Ely’s novel interrogates the price of success in America. In its vision, success comes to those who conform to America’s reigning materialistic values. But it does so at a steep cost: It required an erasure of personal identity, not to mention integrity.

Commercially, Seconds was a dismal failure. However, in succeeding decades it has achieved an honorable cult status. Frankenheimer, who was too hard on himself, remarked that the film is “the only picture that’s gone from failure to classic without having success.” But Seconds is a cinematic achievement of lasting significance, both for its vitriolic satire and for its style. Cinematographer James Wong Howe created a thoroughly unsettling look using deep-focus black and white images, often using a distorting fish-eye lens that weirdly misshapes the actors. In many scenes, he filmed Hudson and Randolph as if they were being wheeled through a macabre fun house, an effect achieved by putting them in the close foreground as the camera glides just behind them. To reinforce Hamilton’s helplessness, several shots show him on a commuter train to and from Manhattan. As the train moves, trees and shrubbery rush by the windows in a blur that visualizes Hamilton’s sense that his life is similarly rushing by. In the company’s medical rooms, he is wheeled on a gurney to his various surgeries, a passive piece of meat rather than a man in control of his life.

The film has other symbolic implications. Hamilton and Wilson reference America’s first Treasury Secretary Alexander, and our foolishly ambitious President Woodrow, who promised he was going to remake not only America but the entire world. The closing scenes evoke another president, John F. Kennedy. Frankenheimer, who had directed the supposedly anti-communist The Manchurian Candidate (1962), gave Seconds a thoroughly disquieting historical resonance.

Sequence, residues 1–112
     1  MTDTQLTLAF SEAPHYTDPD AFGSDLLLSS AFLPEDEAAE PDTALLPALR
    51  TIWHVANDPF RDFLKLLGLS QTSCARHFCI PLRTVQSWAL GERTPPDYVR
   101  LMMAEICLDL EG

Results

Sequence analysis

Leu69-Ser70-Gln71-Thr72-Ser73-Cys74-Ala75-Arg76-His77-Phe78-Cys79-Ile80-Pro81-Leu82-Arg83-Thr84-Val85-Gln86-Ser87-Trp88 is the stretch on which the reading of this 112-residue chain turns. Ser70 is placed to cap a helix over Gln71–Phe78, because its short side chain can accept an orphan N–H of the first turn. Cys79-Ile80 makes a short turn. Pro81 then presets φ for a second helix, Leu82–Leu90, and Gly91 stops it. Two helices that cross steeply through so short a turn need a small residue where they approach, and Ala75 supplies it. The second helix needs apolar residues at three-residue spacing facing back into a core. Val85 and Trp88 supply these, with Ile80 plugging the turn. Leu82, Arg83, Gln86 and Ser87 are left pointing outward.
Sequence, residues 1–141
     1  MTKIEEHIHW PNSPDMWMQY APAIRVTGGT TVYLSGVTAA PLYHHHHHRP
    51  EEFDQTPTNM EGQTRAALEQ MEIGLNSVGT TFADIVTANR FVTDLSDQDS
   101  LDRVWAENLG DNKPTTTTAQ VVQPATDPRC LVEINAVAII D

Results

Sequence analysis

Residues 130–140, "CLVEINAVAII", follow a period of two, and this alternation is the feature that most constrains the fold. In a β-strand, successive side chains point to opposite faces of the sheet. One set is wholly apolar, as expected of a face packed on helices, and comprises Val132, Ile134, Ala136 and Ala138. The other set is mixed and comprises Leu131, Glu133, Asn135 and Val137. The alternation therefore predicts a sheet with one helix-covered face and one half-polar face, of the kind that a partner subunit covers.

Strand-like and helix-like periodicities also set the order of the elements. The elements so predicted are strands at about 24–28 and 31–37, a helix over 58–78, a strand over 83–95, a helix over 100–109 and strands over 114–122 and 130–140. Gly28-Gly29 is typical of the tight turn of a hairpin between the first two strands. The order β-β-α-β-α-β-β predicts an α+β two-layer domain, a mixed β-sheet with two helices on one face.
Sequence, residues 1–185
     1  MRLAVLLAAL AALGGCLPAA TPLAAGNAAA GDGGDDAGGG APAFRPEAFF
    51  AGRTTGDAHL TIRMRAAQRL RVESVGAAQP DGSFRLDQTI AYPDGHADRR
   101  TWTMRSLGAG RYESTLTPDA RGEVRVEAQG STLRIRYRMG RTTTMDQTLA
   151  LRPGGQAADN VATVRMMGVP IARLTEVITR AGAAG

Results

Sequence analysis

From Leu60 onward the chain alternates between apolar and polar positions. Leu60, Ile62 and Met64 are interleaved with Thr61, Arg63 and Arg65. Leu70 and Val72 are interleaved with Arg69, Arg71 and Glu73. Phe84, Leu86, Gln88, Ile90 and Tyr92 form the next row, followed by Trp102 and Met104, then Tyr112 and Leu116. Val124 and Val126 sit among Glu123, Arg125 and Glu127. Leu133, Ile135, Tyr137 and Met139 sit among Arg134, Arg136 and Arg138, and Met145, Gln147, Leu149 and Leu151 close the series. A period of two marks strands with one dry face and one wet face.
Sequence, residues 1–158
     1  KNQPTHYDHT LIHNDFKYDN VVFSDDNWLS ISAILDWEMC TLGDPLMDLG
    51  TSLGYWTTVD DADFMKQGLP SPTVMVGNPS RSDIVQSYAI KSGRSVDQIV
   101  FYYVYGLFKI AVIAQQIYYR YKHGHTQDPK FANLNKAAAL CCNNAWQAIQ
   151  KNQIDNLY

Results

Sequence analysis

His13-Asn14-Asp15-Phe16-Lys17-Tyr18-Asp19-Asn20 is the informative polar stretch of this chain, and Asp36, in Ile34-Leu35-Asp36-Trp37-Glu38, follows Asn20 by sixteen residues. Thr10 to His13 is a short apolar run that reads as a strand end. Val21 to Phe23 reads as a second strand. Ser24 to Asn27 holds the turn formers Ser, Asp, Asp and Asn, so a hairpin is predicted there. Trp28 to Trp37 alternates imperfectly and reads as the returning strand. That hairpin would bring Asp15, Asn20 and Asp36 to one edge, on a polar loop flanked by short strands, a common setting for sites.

The Art of Self-Defense also interrogates the possibility of personal reinvention, but it’s not nearly as convincing. Casey Davies, played by Jesse Eisenberg, is a 36-year-old wimp who takes up karate out of a fear of other men.

The film is meant to be a comedy but fails this mission largely because of its misdirection and third-rate script. The performers are all reasonably competent, but that alone doesn’t rescue the project. The one bright spot is Alessandro Nivola, an American actor of Argentinian descent who plays Davies’ sensei with grim conviction. He’s a parody of Hollywood’s view of so-called toxic masculinity. He counsels Davies to take up masculine tastes, such as clashing metal music instead of soft rock. He further insists Davies trade in his dachshund for a German shepherd with a pronounced wolfish tendencies. Then there’s the wonderfully named British actress Imogen Poots, who plays a karate instructor with toxic tendencies of her own. She’s afflicted with man problems and is determined to get revenge. She’d really like to kill Sensei but settles for ferociously beating her male students bloody.

The film aims at comedy but hits the merely ridiculous. If karate mentors routinely pulverized their students, they’d soon go out of business. Then there’s the “comic” moment in which a disgruntled student shoots his trainer dead. As the man lies bleeding, an unimpressed Poots continues to calmly teach the other students. Big laugh there. As you may have divined, this is no Karate Kid.

British comedian Ricky Gervais has also taken on reinvention of a sour kind in his Netflix streaming film After Life. Gervais plays Tony Johnson, who has a strange way of grieving for his recently deceased wife. He’s become bitterly suicidal and taken to mocking those who try to help.

The only reason he’s still above ground, he tells us, is the dog he brought home to his wife two years earlier. A razor blade poised above his wrist, he only hesitates because the dog whimpered for food. Who will feed the animal, he wonders, if not himself? The line is delivered wryly, for Johnson doesn’t believe what he’s saying. You can’t help feeling that rather than bringing down his own curtain, he’d much prefer to go on striding the stage, rudely insulting people.

Johnson works for a free village paper that specializes in cute local gossip that is supposed to be cheery and endearing. Instead, Johnson uses his perch of minor import to heartlessly mock these folk for their childish desire to gain a spot of fame. He rails at their stupidity while ignoring his own. He thinks his reinvention as a suffering, death-seeking soul has ennobled him. Here the show comes a cropper. There’s practically no evidence that either Johnson or, worse, his author Gervais, are aware of how insufferably petulant they are.